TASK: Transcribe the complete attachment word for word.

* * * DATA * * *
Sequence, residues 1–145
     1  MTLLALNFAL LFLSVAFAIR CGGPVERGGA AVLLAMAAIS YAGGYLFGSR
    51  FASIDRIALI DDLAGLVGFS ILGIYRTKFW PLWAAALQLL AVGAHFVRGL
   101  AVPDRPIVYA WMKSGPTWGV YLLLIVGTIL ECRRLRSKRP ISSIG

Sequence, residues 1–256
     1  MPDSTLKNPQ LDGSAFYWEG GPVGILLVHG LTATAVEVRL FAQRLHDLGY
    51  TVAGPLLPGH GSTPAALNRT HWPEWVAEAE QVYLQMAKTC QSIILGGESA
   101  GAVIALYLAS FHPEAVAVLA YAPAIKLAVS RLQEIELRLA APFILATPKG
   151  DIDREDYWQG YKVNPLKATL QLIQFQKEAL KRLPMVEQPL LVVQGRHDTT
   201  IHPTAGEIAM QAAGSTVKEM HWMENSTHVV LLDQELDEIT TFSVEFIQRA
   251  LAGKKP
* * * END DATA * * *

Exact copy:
Sequence, residues 1–145
     1  MTLLALNFAL LFLSVAFAIR CGGPVERGGA AVLLAMAAIS YAGGYLFGSR
    51  FASIDRIALI DDLAGLVGFS ILGIYRTKFW PLWAAALQLL AVGAHFVRGL
   101  AVPDRPIVYA WMKSGPTWGV YLLLIVGTIL ECRRLRSKRP ISSIG

Sequence, residues 1–256
     1  MPDSTLKNPQ LDGSAFYWEG GPVGILLVHG LTATAVEVRL FAQRLHDLGY
    51  TVAGPLLPGH GSTPAALNRT HWPEWVAEAE QVYLQMAKTC QSIILGGESA
   101  GAVIALYLAS FHPEAVAVLA YAPAIKLAVS RLQEIELRLA APFILATPKG
   151  DIDREDYWQG YKVNPLKATL QLIQFQKEAL KRLPMVEQPL LVVQGRHDTT
   201  IHPTAGEIAM QAAGSTVKEM HWMENSTHVV LLDQELDEIT TFSVEFIQRA
   251  LAGKKP